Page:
South Africa 16.5.2018 12:38 pm

The EFF want a statue of Winnie to replace Paul Kruger’s in Tshwane

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The party says it also wants Church Square to be renamed after the struggle icon.

The Economic Freedom Fighters (EFF) say they want the Paul Kruger statue in Tshwane (Pretoria) demolished and Church Square, where it is located, renamed to “represent the beauty of Africa”.

The red berets say they want a statue of the late anti-apartheid stalwart, Winnie Madikizela-Mandela, to replace that of Kruger; and for Church Square to be renamed after the Mother of the Nation.

EFF Gauteng chairperson Mandisa Mashego said the red berets wanted the Paul Kruger statue to be removed urgently.

“The quicker we remove colonial figures the sooner we can deal with white supremacy. (If) anyone decides to remove that statue we would be very proud of them,” the EFF provincial chair said.

Mashego said the EFF first submitted a motion to the Tshwane council to have the Paul Kruger statue demolished and one of Madikizela-Mandela erected in its place late last year.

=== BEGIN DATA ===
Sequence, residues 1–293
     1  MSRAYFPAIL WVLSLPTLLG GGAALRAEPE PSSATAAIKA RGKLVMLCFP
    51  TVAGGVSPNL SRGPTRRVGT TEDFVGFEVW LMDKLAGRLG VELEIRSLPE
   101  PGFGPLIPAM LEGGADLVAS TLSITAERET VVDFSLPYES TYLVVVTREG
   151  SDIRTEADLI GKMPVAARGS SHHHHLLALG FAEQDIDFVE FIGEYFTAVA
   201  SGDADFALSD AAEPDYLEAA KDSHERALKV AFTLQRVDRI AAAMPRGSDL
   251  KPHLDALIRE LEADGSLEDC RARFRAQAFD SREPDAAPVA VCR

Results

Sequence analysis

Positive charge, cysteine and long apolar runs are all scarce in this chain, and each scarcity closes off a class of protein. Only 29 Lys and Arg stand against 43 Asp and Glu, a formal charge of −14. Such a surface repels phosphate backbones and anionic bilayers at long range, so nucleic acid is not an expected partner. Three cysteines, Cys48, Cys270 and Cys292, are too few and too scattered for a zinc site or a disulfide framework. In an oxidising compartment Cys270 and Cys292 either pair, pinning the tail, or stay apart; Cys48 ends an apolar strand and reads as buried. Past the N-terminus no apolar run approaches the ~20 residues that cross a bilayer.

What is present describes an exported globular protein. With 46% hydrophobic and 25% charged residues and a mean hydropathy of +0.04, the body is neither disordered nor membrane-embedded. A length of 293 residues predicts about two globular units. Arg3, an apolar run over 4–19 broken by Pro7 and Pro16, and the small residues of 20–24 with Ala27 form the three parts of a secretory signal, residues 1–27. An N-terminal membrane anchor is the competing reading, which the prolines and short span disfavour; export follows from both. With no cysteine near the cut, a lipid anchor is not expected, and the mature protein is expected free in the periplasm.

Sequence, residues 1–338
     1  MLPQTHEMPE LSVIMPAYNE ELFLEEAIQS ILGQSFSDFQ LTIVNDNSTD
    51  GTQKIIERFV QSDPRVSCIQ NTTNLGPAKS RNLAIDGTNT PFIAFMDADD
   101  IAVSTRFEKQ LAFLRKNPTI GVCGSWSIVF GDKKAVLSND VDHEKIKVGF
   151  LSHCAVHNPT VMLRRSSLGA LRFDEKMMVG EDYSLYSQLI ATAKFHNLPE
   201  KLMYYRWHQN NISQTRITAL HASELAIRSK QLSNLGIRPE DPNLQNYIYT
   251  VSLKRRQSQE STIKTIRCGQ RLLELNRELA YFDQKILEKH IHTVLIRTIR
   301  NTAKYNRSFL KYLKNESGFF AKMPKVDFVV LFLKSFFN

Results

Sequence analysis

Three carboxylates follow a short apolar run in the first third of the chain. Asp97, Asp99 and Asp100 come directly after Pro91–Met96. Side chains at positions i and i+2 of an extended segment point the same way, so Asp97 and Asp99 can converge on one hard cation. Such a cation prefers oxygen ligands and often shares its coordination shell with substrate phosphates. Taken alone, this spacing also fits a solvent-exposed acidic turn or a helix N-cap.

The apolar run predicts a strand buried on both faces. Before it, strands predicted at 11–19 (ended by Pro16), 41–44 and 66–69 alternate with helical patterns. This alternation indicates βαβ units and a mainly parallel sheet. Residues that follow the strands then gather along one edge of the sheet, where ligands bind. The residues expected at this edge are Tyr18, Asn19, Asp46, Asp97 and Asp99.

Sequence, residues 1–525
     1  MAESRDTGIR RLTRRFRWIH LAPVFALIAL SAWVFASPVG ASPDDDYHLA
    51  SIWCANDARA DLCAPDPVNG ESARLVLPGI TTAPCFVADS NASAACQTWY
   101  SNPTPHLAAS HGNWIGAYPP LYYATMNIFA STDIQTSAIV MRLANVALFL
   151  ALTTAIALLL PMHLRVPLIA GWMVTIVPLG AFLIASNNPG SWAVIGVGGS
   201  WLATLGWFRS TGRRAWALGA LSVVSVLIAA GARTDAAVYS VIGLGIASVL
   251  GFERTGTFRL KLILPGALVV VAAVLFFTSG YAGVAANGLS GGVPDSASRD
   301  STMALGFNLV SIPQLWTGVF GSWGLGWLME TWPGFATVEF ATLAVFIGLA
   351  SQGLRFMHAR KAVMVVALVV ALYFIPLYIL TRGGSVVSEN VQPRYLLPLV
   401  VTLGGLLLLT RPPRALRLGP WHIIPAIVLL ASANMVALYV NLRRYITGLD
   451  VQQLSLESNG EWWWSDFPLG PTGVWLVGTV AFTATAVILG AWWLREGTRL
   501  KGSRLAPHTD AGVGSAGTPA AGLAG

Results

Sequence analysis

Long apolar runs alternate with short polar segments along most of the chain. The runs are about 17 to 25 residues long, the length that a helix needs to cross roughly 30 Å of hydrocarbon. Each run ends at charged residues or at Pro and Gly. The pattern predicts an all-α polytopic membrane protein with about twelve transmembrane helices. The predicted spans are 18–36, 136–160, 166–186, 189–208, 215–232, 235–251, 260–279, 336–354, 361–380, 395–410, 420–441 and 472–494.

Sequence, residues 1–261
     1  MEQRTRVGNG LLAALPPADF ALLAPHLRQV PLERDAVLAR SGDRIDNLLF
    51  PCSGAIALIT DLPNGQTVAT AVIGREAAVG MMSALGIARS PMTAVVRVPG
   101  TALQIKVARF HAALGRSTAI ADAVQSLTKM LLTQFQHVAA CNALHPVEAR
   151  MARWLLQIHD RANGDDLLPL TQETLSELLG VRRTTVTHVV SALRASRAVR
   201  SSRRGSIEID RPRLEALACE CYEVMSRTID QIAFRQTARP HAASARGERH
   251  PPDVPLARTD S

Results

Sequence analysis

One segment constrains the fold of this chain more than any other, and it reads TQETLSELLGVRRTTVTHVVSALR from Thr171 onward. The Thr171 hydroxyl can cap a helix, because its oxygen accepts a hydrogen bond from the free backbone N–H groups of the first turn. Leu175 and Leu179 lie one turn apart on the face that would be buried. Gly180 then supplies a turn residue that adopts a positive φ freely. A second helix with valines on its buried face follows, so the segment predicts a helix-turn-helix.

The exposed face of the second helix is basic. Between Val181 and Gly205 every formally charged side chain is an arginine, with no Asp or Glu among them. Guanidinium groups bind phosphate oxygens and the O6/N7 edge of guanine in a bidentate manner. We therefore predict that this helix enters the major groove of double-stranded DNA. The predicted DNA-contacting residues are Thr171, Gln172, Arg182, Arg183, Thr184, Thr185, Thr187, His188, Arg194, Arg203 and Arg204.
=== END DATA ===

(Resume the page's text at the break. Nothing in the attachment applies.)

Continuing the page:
The EFF provincial chair said the red berets had expected that the process would be concluded within six months.

She said the cost of demolishing the statue of the 19th century Transvaal president and having it replaced with that of Madikizela-Mandela should not be a factor for the City of Tshwane. She argued that the city has spent a considerable amount to erect a fence around the existing statue, as well as spending much on acquiring the services of security personnel every time the EFF organised marches that began at Church Square.

Mashego said the call to fell the Paul Kruger statue was a national clarion call for the demolishing of statues of colonial figures across the country, which was first made by EFF leader Julius Malema during his maiden parliamentary address in 2014.

The removal of statues of colonial figures and renaming of buildings, streets and other civic structures is a significant part of transformation, Mashego added.

She said the presence of statues of colonial figures served as a painful reminder of the country’s past, while preserving the inferiority complex of the previously oppressed majority, which in turn contributed to social ills such as femicide, which Mashego indentified as a scourge for the country.

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